Radcliffe at Harry Potter’s New York premiere last week.(Brad Barket/Getty Images)
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Harry Potter

And the Jewish poetry alias

Sara Ivry
July 14, 2009
Radcliffe at Harry Potter’s New York premiere last week.(Brad Barket/Getty Images)

Two weeks ago Harry Potter star Daniel Radcliffe waxed poetic about his itch to write verse. “As an actor, there is room for a certain amount of creativity, but you’re always ultimately going to be saying somebody else’s words,” he told the Guardian in an interview to promote Harry Potter and the Half-Blood Prince, opening tomorrow. “I don’t think I’d have the stamina, skill or ability to write a novel, but I’d love to write short stories and poetry, because those are my two passions.” It’s odd, or maybe just coy, that he used the conditional case—last week Rubbish, a London fashion magazine, announced on its blog that the 19-year-old has, in fact, published some poems (which include references to Kate Moss, Pete Doherty, and Simon Cowell) under the alias Jacob Gershon. Jacob is Radcliffe’s middle name; Gershon is what the magazine calls the “Jewish version” of his mother’s anglicized maiden name, Marcia Gresham Jacobson. (The poetry itself is, sadly, not available online.)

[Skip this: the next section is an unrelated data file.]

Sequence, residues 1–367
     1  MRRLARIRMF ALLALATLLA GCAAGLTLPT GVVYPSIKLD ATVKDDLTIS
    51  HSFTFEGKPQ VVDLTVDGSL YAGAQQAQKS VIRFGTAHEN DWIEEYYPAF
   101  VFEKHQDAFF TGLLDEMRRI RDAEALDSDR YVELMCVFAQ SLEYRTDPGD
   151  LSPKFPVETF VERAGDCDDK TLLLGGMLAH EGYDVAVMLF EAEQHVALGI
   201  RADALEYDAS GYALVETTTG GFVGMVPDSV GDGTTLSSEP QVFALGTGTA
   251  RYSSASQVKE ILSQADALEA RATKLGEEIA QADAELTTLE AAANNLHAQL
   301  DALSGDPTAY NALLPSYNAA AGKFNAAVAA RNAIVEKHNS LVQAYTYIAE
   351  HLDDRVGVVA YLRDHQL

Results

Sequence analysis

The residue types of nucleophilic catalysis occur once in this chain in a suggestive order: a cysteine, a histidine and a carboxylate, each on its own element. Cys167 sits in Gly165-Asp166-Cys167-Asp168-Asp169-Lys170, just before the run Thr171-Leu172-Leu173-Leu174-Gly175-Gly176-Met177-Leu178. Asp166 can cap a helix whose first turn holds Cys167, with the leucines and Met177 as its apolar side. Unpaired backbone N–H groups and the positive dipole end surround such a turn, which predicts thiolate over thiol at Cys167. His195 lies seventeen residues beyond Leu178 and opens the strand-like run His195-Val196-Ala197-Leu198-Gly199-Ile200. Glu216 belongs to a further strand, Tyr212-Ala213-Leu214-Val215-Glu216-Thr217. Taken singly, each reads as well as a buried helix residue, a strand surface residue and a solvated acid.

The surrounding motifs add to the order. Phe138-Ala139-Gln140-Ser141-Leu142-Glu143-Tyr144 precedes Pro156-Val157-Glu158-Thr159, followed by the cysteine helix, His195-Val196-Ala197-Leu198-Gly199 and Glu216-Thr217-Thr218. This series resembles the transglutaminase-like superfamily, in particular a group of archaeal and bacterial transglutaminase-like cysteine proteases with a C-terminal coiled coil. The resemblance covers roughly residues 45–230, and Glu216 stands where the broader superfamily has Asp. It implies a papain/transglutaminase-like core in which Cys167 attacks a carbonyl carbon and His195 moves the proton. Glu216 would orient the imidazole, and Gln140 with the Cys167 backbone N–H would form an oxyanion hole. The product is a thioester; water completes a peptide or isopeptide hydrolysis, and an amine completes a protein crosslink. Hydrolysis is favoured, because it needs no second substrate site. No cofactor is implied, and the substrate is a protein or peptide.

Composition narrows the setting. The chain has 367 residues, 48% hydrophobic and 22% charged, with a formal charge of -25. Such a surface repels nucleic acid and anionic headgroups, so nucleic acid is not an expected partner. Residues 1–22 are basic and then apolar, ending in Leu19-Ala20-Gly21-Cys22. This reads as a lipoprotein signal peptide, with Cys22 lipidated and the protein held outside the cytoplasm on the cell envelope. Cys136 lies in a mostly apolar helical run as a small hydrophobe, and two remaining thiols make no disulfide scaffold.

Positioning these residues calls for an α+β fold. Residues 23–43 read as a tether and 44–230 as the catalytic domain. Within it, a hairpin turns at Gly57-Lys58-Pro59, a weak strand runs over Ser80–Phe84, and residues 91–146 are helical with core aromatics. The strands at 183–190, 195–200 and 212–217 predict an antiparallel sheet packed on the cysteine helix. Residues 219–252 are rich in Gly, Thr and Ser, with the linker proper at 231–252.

Though an atheist, Radcliffe digs his Jewish roots. “It means I have a good work ethic, and you get Jewish humour and you’re allowed to tell Jewish jokes. For instance: did you hear how copper wire was invented? Two Jews fighting over a penny. And so on.” To which we must respond: Daniel, Jacob—whatever your stand-up alias name is—please abstain from tackling comedy as your next metier.

Sara Ivry is the host of Vox Tablet, Tablet Magazine’s weekly podcast. Follow her on Twitter@saraivry.

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